Courtesy of The Panama City News Herald
Published September 26, 2015
PANAMA CITY BEACH — The Beach Council on Thursday passed
some new Spring Break ordinances but backed off others.
The council, after listening to angry owners of condominiums and scooter
rental companies, backed off proposed laws that would have put scooter
rentals out of business in a couple years and required condo owners to go
through a lengthy registration process and have someone available 24 hours a
day if police want to evict tenants.
“The ordinance is off the board,” Mayor Gayle Oberst said.
The council did give preliminary approval of a law that would ban parking in
business parking lots after the establishments are closed and allow police
to ticket property owners who don’t try to tone down “spontaneous pop-up”
events that get out of hand.
The council backed off of a proposed law that would have banned two- and
three-wheel scooter rentals after Sept. 5, 2017, and immediately banned
overnight rentals year-round. Instead, council members directed the city
staff to meet with scooter rental businesses and come back with an
alternative ordinance at the council’s next meeting Oct. 8.
Several scooter rental owners offered to cut the number of scooters they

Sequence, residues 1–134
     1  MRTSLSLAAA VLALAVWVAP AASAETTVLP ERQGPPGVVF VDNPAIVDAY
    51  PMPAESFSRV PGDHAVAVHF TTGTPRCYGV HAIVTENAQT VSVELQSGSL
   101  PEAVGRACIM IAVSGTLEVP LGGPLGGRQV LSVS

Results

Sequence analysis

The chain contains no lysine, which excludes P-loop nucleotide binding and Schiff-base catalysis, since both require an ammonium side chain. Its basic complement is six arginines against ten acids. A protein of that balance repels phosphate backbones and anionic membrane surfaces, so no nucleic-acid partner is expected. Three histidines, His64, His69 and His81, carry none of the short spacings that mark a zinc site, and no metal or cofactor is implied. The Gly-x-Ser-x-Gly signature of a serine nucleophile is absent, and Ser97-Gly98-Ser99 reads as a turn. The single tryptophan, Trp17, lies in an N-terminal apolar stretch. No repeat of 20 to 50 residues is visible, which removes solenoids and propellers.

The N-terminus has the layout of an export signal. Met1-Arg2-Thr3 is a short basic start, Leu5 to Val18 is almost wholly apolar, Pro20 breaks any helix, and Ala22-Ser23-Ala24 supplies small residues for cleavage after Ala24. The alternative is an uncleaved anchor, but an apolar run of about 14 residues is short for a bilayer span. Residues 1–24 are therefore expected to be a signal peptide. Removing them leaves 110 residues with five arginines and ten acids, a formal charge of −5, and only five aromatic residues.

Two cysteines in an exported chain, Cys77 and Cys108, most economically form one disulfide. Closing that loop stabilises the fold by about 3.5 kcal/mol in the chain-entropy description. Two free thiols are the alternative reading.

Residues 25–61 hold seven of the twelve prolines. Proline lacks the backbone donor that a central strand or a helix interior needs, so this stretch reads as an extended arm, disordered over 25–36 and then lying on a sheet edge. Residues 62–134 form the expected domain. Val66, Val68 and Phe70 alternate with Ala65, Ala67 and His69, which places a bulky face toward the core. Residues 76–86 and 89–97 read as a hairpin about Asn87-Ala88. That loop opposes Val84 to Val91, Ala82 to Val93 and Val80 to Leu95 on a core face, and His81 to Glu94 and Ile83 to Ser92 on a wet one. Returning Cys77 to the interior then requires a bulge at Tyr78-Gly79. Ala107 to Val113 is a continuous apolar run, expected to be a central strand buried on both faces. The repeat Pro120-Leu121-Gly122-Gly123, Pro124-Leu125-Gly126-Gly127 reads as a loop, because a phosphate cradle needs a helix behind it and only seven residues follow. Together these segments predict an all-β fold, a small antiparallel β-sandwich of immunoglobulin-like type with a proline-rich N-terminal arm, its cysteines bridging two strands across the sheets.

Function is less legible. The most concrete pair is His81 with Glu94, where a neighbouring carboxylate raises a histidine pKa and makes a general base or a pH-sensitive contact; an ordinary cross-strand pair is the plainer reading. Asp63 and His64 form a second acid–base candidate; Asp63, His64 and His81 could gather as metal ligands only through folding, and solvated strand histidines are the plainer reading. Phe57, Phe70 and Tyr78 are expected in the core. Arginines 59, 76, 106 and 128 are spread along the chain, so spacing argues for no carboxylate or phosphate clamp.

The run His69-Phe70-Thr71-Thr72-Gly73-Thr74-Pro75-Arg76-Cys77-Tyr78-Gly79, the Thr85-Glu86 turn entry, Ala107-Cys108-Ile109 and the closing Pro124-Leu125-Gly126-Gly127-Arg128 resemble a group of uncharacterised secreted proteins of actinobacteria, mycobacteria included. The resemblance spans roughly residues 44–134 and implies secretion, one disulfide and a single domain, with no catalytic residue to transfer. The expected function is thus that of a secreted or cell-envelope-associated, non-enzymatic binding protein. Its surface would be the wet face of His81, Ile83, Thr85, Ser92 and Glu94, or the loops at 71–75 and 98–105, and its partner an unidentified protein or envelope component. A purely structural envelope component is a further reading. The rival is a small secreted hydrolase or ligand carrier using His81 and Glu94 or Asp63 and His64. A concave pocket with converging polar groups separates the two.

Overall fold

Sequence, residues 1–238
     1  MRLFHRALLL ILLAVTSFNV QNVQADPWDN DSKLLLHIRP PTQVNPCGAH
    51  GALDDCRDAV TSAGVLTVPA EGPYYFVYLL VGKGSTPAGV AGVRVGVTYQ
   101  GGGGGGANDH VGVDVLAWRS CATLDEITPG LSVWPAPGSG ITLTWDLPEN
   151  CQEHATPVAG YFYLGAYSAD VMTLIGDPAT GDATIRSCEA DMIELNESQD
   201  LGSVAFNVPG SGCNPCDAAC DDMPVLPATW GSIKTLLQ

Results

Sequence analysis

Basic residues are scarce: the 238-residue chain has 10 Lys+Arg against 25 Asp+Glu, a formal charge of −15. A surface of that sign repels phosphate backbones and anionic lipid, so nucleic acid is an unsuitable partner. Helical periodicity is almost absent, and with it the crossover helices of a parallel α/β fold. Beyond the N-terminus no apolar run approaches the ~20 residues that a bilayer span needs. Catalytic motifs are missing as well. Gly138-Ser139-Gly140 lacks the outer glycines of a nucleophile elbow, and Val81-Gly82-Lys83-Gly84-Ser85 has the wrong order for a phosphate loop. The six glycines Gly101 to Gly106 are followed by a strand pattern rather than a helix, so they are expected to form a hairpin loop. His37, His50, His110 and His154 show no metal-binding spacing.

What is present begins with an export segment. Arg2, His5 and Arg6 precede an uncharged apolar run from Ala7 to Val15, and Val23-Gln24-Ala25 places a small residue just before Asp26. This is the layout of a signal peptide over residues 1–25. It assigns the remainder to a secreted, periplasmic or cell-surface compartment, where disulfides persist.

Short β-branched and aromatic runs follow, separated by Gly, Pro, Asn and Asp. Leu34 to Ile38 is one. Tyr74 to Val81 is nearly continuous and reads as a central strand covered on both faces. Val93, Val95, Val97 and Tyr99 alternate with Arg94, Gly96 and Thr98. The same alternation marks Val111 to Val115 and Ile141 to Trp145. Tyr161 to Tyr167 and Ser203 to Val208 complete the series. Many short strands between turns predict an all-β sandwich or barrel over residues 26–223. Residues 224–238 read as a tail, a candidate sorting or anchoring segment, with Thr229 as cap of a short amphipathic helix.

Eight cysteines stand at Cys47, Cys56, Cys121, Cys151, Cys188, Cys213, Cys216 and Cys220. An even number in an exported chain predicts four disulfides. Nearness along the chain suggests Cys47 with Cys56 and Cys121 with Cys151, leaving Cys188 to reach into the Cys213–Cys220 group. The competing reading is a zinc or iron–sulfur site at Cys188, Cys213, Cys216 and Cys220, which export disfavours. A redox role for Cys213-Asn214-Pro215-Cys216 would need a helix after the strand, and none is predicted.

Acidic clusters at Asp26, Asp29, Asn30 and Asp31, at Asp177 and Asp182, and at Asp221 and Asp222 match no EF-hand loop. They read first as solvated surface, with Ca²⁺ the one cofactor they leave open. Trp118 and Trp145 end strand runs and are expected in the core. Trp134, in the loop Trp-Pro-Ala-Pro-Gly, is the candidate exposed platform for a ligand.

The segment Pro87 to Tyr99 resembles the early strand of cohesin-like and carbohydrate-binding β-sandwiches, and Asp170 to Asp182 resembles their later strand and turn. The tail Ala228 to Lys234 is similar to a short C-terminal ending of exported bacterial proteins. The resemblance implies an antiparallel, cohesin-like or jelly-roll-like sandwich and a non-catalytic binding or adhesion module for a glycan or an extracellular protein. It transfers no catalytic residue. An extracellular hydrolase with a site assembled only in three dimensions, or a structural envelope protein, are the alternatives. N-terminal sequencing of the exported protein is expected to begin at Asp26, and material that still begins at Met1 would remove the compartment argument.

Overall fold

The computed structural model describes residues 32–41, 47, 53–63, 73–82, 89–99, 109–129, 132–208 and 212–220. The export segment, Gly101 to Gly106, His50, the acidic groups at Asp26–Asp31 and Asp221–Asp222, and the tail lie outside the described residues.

rent out to between 40 and 60, which would result in 700 scooter rentals
instead of the 1,500 registered in the city.
Police Chief Drew Whitman said the lower numbers could help with safety
because the sheer number of scooter rentals makes it impossible to enforce
“I don’t have the manpower to enforce the laws, and I’m not going to chase
them (scooter riders violating traffic laws)” because it could pose a threat
to the public, Whitman said.
In the end, the council agreed with a proposal by Councilman Keith Curry not
to approve the proposed ordinance and to direct city staff and scooter
rental businesses “to rewrite and participate and make a new ordinance
Numerous scooter rental owners pled with the council not to take away their
“We can get this worked out with you guys,” said Colleen Swab, the owner of
Curry apologized to the scooter rental owners.
“I said this legislation is asinine,” he said. “It attacks the very
foundation of free enterprise.”
The council also rejected a proposal to regulate short-term rentals. The
proposed law would have required condo owners to go through a lengthy
registration process with the city and pay a $45 registration fee for each
unit. In addition, someone would have had to be available 24 hours day in
case there was a problem in the unit.
Hector Solis, who rents several condominiums, said a “carrot and stick”
approach needs to be put in a revised ordinance.
Condo owners cry foul over
Panama City Beach proposal